THIS WEEK The Wedding Present, the iconic British band that formed in the mid-1980s and helped to define a generation of rock groups with jangly guitars and feelings-soaked lyrics, is coming through town to celebrate the 21st birthday of its second album, Bizarro. And while the whole anniversary-of-an-album tour has become a bit played out, this is one of those records that seems incredibly important to see performed live.
We spoke to David Gedge, the band’s front man and its only consistent member over the years, about what it’s like to have made a record so old that it could drink.
New York Press: You’ve been quoted as saying that you’ve always thought The Wedding Present was an inappropriate name for a band. Is this still true?
David Gedge: Yeah. It’s not a great name, it’s kind of unusual.Weddings are odd and a bit surreal, joining people and giving people away… I haven’t been to a wedding in a while. [Asks someone in the background.] Oh, there was one on the 4th of June, apparently. I can’t remember one before that.
Why tour for the 21st anniversary of your record Bizarro? Is it something you’ll do for all of your records?
No, I don’t plan to.When we did [the band’s first album] George Best, a record label that wanted to rerelease the record first suggested the idea, but they didn’t in the end.They asked if we would be interested— it’s the new fashion—but I was appalled by the idea. I was thinking that nostalgia’s not a good thing, but everybody I spoke to said I had to. So we did it and I did find myself enjoying it. It’s interesting to put yourself back two decades and almost forget everything you’ve learned.Whether we do more, it will depend on how this one goes.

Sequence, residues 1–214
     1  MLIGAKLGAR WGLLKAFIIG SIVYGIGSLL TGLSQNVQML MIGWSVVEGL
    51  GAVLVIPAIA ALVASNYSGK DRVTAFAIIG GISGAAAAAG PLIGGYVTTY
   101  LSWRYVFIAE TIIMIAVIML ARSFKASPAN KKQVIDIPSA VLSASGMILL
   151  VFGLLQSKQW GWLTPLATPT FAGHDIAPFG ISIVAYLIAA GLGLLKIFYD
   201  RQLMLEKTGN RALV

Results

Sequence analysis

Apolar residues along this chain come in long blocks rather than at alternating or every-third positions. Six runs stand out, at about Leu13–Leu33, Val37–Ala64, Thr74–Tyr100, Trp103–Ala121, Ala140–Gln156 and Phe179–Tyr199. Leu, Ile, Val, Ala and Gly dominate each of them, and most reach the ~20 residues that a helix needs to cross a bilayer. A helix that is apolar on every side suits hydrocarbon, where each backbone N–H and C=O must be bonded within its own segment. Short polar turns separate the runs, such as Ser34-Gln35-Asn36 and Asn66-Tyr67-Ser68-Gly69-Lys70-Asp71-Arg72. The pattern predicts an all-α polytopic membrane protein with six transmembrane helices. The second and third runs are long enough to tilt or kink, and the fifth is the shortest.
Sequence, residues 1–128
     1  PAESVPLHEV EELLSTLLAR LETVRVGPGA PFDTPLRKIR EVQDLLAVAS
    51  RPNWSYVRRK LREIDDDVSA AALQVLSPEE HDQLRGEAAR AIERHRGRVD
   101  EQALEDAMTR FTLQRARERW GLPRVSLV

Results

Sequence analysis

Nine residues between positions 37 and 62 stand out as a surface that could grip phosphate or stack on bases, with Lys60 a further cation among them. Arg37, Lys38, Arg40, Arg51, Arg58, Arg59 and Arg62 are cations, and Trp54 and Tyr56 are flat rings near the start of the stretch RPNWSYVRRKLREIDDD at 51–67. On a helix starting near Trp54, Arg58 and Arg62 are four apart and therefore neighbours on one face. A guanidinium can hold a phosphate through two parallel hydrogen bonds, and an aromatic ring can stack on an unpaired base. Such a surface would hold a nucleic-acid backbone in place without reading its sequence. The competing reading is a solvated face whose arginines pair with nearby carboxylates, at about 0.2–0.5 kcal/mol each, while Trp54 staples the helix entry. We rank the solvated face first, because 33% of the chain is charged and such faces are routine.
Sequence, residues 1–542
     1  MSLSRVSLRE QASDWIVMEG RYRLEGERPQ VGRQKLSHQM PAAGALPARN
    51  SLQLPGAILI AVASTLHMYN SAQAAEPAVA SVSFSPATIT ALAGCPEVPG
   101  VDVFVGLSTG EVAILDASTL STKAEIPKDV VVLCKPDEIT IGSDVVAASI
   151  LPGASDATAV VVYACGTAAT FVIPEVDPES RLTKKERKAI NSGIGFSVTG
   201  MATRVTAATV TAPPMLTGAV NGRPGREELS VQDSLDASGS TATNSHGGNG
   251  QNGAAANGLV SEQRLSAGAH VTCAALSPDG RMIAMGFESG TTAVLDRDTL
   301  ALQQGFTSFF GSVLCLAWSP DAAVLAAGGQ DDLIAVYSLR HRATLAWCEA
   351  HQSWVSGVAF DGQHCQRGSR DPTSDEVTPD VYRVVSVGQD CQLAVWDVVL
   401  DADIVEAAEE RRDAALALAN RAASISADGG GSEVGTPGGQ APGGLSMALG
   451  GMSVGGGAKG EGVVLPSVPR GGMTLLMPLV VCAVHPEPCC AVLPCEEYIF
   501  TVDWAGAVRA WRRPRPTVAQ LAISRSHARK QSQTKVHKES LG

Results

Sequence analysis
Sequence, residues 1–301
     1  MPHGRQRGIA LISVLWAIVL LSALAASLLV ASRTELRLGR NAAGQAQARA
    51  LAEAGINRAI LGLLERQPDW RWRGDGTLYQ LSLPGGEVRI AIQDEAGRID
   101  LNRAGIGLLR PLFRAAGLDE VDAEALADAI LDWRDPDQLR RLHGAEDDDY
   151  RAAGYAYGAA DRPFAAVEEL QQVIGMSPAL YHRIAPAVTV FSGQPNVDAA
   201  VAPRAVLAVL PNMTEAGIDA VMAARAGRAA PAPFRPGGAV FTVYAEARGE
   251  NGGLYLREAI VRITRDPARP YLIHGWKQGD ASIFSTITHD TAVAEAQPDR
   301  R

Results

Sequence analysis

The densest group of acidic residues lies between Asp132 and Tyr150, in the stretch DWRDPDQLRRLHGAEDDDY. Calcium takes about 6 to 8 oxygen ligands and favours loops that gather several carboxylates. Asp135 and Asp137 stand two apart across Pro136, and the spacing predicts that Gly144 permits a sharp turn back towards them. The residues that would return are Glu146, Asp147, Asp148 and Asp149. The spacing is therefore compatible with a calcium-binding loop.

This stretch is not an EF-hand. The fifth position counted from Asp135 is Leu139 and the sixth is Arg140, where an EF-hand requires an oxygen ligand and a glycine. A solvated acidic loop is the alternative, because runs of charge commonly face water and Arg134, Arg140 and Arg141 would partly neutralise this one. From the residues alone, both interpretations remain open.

How has it been revisiting where you were 21 years ago? I know you’ve played these songs since, but probably not in this way. Is it a strange feeling?
It is very odd, 20 years is a long time for an artist because you want to develop and change, so you have to work out what you did and why you did it. I’m the only person in the band now who was in the band then, so I also need to explain things to people. Secondly it’s a bit weird because my songs are so personal and to look at lyrics that were written a couple decades ago, it’s kind of like finding an old diary.
A lot of bands are doing the reunion tour thing, and it’s not always good. Why will this be different?
To be honest, the main thing that people have told me—we did it a couple years ago with our first LP but only in Europe—is that the thing they enjoyed most from it is that when the album came out, you didn’t see the band play it. At that time it was new songs and a band will play half a dozen maybe, interspersed with older stuff, and people have found it generally interesting to see the album played live in one go.
The record gave The Wedding Present its first big hits. How were things different for you after Bizarro came out? The biggest thing was the financial thing.
When we did Bizarro, we had our own label in Britain and then we signed to RCA and we signed at a time when the record companies were throwing a lot of money around.
We could afford better studios and we spent a lot more than we did on the previous record. It took the pressure off, having an unlimited budget.
Now that the album is old enough for kids who were conceived while it was playing to actually come see your shows, what sort of crowds are you expecting?
I’ll be interested to see.We do get young people coming.
> The Wedding Present
April 11, Bowery Ballroom, 6 Delancey St. (betw. Chrystie St. & Bowery), 212-533-2111; 8, $17.